The abuse scandal concerns the Catholic Church for a long time. However, the cases only gradually trickled into public attention, first in the mid-1980s in the USA and in the late 1990s Ireland. There, the pedo-criminal priest Brendan Smyth, for example, was able to abuse children for more than 40 years – there are around 90 victims. Smyth died in prison in 1997. High-ranking clerics in Ireland knew about it and did nothing, and in the years that followed more and more cases became known. A total of three bishops resigned and several state commissions of inquiry were set up. Since then, the Church’s influence and reputation have dwindled sharply in the traditionally Catholic country.
In the USA After the first reports from California and Louisiana in the 1980s, it was primarily the research of the Boston Globe caused a stir in 2002. The journalists were able to prove what was also a key finding in many other studies in other countries: church leaders had known about the crimes for a long time, but kept relocating the perpetrators in order to protect the church as an institution. In the years that followed, the American dioceses paid tens of millions of euros in compensation. Several dioceses have therefore already had to file for bankruptcy.
In Germany The broad debate on the subject only began in 2010, when cases of abuse at the Canisius College in Berlin became public. Reports from many other boarding schools, homes and dioceses followed. In 2018, an interdisciplinary research association commissioned by the German Bishops’ Conference published the so-called MHG study, an overview study with data from all over Germany, which, among other things, became the basis for the “Synodal Path” church reform process. After that, individual dioceses also commissioned their own abuse studies. The Archdiocese of Cologne caused a stir because it originally held the office of Westpfahl Spilker Wastl (WSW) in Munich. commissioned study unpublished. The reason given was that the WSW study had methodological and legal deficiencies. Instead became commissioned the criminal lawyer Björn Gercke with a new report. In mid-February it will also be in Essen. Other dioceses have not yet commissioned a study. There is still a dispute in Germany about compensation for victims. Those affected particularly criticize the Independent Commission for Recognition Benefits (UKA), which was set up by the bishops’ conference and decides on monetary payments. They accuse her of non-transparent and difficult to understand decisions.
In France – unlike in other countries – a so-called dark field study was commissioned. The number of victims was statistically extrapolated to the total population. Out a number of 216,000 victims have come from clerics since the 1950s. The bishops’ conference promised to initially set up a compensation fund of 20 million euros. Several dioceses also sold real estate and land for this purpose.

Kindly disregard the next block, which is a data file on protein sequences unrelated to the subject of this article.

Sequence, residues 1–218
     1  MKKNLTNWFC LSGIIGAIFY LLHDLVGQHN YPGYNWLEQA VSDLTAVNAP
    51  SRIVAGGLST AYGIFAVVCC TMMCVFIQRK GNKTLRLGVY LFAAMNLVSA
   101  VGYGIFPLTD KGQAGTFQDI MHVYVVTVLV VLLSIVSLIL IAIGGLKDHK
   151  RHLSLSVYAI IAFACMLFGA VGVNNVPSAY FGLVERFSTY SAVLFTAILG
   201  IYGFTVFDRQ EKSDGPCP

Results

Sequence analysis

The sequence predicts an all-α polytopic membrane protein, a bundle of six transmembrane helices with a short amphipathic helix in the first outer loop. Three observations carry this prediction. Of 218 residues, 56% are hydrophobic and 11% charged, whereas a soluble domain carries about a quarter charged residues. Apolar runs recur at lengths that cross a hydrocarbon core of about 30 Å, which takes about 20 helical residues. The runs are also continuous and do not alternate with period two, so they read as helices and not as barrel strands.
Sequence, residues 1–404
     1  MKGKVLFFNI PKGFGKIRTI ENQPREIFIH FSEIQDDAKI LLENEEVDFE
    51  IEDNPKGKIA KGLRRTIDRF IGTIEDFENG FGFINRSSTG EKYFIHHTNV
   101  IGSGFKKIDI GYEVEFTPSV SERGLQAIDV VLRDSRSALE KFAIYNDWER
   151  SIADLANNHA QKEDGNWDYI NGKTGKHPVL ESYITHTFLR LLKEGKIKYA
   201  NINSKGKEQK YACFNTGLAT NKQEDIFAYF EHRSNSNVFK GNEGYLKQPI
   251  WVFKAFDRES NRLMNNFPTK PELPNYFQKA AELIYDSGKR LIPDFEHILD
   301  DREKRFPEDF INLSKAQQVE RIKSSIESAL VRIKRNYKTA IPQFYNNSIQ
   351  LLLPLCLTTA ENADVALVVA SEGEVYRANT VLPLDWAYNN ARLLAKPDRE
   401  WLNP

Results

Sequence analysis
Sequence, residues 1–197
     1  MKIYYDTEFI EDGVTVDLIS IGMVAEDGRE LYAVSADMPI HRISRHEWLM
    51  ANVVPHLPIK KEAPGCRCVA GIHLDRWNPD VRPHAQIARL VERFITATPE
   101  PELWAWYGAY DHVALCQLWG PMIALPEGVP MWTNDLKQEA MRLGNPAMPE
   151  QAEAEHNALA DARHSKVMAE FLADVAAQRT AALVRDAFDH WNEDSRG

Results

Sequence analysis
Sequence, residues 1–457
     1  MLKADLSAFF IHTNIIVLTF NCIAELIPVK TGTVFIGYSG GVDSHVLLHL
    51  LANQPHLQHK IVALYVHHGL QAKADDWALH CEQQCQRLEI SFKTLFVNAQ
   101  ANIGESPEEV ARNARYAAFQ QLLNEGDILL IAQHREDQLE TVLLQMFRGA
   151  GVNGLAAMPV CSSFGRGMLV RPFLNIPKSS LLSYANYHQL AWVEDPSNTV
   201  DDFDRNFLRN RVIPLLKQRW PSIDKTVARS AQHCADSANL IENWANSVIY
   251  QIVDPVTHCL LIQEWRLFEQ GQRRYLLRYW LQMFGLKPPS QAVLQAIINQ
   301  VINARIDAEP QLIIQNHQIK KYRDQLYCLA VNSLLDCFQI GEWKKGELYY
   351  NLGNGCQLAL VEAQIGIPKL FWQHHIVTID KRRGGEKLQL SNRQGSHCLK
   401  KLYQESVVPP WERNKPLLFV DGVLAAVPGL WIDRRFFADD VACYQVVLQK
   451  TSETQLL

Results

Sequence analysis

In Spain a large abuse study is expected this year. The major Madrid law firm Cremades and Calvo-Sotelo has been commissioned, and their external advisors include the Munich lawyers from Westpfahl Spilker Wastl. The personal background of the head of the law firm, Javier Cremades, is viewed critically by those affected: He is a member of Opus Dei, a conservative association of priests and lay people. “There are signs that there will be something in the Spanish report on systemic issues,” says Ulrich Wastl of the SZ. “We don’t know to what depth, we’re not the reviewers, but there are indications.”
The Spanish investigation is likely to be eagerly awaited, especially in the Vatican. With regard to the universal church and Latin America in particular, Spain is more important than studies from Germany or France. “The impacts are getting closer for the Vatican,” says Ulrich Wastl. “Because of course someone has to ask the question: More than 20 years ago Rome started to enact laws and regulations, cases of abuse had to be reported centrally to the Congregation for the Doctrine of the Faith. But what happened then?” It should be checked whether the allegations were properly pursued and whether there were human resources for this. Those are questions that need to be asked now. “So I can imagine that there is some excitement in the Vatican over the Spanish investigation.”